Let’s consider three basic instructions that should be foremost when envisioning a form of govern-ment that would meet the criteria Christ specified.

  1. True disciples are identified by this evident quality: “A new commandment I give unto you, That ye love one another; as I have loved you, that ye also love one another. By this shall all men know that ye are my disciples, if ye have love one to another.”

  2. All are to regard themselves as “brethren”: “But be not ye called Rabbi: for one is your Master, even Christ; and all ye are brethren. (Matt. 23:8) Neither be ye called masters: for one is your Master, even Christ.” (v.10) “Henceforth I call you not servants; for the servant knoweth not what his lord doeth: but I have called you friends; for all things that I have heard of my Father I have made known unto you.” (John 15:15) Even the relation-ship of Christ with His disciples conveyed a personal relationship that is largely denied under a two-tier clergy / laity situation!

  1. Each disciple is to be submissive to one another; “Submitting yourselves one to another in the fear of God.” (Eph. 5:21)

If we encounter any religious entity that doesn’t incorporate these qualities, (may we call them the ‘first principles’?) should we regard their form of government as not fully legitimate? That raises another question: Can a ministry that God seems to be using employ a form of government that He doesn’t necessarily endorse? Are love, brotherly-level relationships and mutual submissiveness qualities important in the True Church of God?

A Right Foundation

It’s from this perspective that we should view each of the additional factors that we accept as the appropriate form of government in the Church of God. When any accepted administration creates an environment which is not conducive to each of these: love, equality and mutual submission, we should qualify our support of such organizations, be they large or small. The Diotrephes situation as related in 3rd John 9-10 is one such example. In verse 11 John, continuing in context, labels such a situation as ‘evil’. That man took preeminence to himself alone, even ragging on a true apostle who he saw as a threat to his elevated status should they have contact with people in ‘his’ jurisdiction. We need to ask, what would such interaction have done to Diotrephes’ reputation or control?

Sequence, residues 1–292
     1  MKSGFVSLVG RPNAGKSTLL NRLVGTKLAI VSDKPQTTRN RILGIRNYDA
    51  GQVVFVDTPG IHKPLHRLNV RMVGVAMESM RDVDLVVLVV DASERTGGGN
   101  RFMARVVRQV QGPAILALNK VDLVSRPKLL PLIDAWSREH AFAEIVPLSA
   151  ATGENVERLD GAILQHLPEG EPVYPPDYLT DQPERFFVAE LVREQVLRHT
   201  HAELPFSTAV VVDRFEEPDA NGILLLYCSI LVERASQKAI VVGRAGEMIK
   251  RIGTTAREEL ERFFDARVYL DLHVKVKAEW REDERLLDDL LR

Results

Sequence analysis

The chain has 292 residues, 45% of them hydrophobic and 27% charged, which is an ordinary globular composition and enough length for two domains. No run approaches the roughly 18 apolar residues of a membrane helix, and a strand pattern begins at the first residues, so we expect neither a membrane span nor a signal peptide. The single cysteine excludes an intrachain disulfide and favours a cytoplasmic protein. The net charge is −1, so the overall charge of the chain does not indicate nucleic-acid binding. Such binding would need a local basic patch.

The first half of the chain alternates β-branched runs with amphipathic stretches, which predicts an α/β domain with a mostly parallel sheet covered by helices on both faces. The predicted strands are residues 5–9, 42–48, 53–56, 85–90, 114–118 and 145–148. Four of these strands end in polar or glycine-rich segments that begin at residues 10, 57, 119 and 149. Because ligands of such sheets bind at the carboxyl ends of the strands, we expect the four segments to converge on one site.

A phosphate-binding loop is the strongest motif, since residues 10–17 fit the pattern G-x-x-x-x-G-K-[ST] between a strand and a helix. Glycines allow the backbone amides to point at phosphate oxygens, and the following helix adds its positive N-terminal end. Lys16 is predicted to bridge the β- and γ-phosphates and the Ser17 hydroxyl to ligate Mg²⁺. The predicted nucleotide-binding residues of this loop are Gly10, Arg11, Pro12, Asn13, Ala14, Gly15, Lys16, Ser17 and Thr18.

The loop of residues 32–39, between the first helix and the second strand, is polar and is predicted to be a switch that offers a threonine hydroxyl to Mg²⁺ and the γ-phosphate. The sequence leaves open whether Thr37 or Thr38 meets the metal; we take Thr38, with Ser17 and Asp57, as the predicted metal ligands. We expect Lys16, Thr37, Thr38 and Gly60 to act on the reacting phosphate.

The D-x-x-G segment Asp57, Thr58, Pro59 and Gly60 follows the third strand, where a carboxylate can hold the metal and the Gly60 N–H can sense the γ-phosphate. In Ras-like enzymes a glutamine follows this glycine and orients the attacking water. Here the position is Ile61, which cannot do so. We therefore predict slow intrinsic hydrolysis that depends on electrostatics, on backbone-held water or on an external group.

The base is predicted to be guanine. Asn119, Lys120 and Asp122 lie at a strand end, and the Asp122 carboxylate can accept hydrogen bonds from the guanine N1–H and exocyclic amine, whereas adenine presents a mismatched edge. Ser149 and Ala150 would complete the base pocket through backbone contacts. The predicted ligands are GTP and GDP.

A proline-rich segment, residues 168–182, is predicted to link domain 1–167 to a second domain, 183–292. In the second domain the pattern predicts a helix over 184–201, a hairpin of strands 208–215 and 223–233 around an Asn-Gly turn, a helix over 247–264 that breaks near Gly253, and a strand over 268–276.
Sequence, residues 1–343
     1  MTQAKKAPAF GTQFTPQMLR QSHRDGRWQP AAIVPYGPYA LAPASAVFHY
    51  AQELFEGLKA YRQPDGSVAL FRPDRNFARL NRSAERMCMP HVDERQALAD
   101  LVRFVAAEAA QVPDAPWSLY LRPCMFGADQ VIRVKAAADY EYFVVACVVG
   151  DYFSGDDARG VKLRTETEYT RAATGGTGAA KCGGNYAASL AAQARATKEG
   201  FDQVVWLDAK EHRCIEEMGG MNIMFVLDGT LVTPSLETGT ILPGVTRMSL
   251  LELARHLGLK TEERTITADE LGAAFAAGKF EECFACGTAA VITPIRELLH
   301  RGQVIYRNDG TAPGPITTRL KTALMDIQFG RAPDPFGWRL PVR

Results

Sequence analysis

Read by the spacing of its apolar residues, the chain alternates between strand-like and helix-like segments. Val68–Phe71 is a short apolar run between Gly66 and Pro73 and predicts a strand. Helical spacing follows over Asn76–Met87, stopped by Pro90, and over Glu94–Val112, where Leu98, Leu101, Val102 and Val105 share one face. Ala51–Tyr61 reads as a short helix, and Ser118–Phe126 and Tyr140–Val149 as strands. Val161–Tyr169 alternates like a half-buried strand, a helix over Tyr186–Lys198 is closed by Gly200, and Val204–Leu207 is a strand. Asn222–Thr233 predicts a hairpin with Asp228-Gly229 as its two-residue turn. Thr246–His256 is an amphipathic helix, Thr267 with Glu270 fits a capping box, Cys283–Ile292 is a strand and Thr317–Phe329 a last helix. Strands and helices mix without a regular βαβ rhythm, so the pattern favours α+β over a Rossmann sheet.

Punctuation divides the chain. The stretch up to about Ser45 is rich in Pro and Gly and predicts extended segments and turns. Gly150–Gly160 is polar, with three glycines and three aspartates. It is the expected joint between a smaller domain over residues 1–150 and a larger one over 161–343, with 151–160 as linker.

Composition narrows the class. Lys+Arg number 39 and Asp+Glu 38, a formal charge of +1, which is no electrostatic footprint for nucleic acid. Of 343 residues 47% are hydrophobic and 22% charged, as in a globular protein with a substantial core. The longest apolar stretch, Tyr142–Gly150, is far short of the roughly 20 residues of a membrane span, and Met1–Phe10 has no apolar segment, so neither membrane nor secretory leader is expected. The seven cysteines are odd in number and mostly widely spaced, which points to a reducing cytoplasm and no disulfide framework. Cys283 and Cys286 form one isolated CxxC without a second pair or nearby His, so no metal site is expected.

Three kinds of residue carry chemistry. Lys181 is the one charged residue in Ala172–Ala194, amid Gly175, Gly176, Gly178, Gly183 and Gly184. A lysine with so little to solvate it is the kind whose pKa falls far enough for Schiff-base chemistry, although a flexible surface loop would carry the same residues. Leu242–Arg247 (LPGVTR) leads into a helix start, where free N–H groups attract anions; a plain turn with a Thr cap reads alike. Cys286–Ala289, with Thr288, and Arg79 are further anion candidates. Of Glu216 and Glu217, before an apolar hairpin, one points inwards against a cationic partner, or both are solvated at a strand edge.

We should also note that in this abnormal situation Diotrephes never would have regarded himself as subject to any superior leader. Just in the fact that John didn’t oppose the man on that basis suggests the early Church didn’t see itself as having one. Why refer to a man’s self-assigned preeminence, knowing that someone else had the preeminence, but not mentioning it?